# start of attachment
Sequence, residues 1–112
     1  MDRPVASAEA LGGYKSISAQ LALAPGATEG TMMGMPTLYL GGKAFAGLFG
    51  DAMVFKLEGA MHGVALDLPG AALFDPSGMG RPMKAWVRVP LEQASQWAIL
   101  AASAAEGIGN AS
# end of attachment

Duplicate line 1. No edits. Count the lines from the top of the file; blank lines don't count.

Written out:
Sequence, residues 1–112